The Art Works of Wilmington North Carolina

imageartworks™<img src=”; alt=”image” width=”665″ height=”887″ class=”alignnone size-medium wp-image-460″ />We are an open gallery and studio space with a large space for event venues. TheArtWorks™ Is open from 10 am to 3 pm daily and 6-9 pm on fourth Friday gallery nights. All are welcome. Wine and appetizers Are severed. Here we will continue to post the latest happeningsgoing at Continue reading

That’s it. I quit. I’m over this.


Statue of St Francis

Statue of St Francis

The battle is over. St. Francis wins.  Nah, I just have to paint in the cross in his right hand.  We have worked together long enough.  This is weird. I have a tendency to save a little bit of everything in case I should ever run out. Like that last ounce of shampoo or hand cream and so on. It seems to me, I may have done the same thing with painting. Quitting just before it runs out so to speak.

“I’ve always thought of painting as some kind of gift. And as a gift, there is a duty that comes with it: to push painting as far as you can. Artists serve society simply by producing a good painting. And that’s the hardest thing in the world. People think it’s a lark. It’s not. “. (Sonia Getchoff)


Robert Genn Twice-Weekly Letter

Eight rules of painting

April 8, 2014

Dear Madison,

In the corner of Mrs. Haddleton’s seventh-grade art class stood a potter’s wheel and a kiln. I straddled the little stool and threw down a grapefruit-sized ball of clay–my first pot. Gently kicking the wheel’s power over to me, she cautioned, “You’re standing at the top of a ski hill with your skis on, and you don’t yet know how to ski.”

Several hundred-pound ashtrays later, I decided painting was more my thing.

Remembering my brief career in ashtrays and thinking about the parallels in all the arts, I decided to re-read English author and illustrator Neil Gaiman’s Eight Rules of Writing. Eight seemed brief enough to hang on to, but long enough for a developing creative to partially reject. Rules are, like an ashtray-in-progress, meant to be thrown, poked and reshaped to suit yourself.

Here’s my version of Neil Gaiman’s Eight Rules. I’ve modified them for painters:

1. Paint.

2. Put your first stroke down and move on with another stroke. Work your strokes and let your strokes work you.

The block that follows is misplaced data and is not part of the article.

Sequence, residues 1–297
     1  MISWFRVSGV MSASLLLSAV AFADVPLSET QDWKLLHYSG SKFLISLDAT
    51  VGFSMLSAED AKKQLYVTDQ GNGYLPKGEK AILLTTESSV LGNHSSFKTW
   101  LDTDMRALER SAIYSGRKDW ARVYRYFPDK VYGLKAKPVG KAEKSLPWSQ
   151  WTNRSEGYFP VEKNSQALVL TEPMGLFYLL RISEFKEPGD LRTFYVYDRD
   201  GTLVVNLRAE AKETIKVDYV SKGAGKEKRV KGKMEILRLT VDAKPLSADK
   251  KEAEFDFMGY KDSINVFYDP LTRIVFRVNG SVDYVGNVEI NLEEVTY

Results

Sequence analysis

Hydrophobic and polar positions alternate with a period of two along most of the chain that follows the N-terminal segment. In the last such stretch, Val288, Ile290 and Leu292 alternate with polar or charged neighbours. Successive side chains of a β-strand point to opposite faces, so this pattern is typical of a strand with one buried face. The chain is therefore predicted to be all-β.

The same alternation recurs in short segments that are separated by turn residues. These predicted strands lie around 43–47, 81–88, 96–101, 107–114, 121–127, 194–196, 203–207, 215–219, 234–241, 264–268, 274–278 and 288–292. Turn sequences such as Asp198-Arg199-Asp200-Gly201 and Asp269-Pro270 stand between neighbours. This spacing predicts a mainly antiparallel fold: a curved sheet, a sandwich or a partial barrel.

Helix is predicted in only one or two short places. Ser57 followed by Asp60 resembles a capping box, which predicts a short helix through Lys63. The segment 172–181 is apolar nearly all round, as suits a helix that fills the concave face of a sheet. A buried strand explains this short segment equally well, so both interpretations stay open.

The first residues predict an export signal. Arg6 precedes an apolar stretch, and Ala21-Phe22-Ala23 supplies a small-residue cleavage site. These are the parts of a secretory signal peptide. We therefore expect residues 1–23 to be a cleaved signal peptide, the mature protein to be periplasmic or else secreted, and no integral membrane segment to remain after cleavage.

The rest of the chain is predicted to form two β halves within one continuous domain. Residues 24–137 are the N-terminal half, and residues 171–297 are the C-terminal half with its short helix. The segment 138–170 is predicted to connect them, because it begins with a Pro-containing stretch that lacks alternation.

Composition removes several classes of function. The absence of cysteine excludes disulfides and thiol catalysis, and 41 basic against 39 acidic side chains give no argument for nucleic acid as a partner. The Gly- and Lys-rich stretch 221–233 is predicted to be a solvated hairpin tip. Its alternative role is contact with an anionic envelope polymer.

3. Stop the painting before you think you should.

4. Put your painting aside and start another painting.

5. Always keep in mind that you are your own best critic.

6. Perfection in painting is probably not possible. Excellence in painting is for people who appreciate the poetry of your soul.

7. Your style is what you’re doing academically wrong. Radicalize yourself — you only have one life to show you’ve got style.

8. You need to paint with enough assurance and confidence to know you can do whatever you like. So paint your story and make painting your life. Be honest with yourself about your progress. Always try to do a better job than you did the day before. I’m not sure there are any other rules. Not ones that matter.

Painting with Purpose

Do you at times have trouble getting back to your craft?

Painting with Passion
Aristotle said, “The aim of art is to represent not the outward appearance of things, but their inward significance.”

What is significant to you about your subject or concept?

Find the thing you love most about the subject or concept, and focus on that.  Let everything in the painting and in your experience of creating the painting be an expression of that feeling. One of my favorite moments is sitting back and absorbing a freshly laid in colour, seeing how my passion translated itself on to the canvas. Time has passed not knowing if it was 3 minutes or 3 hours. I’m “in the zone”.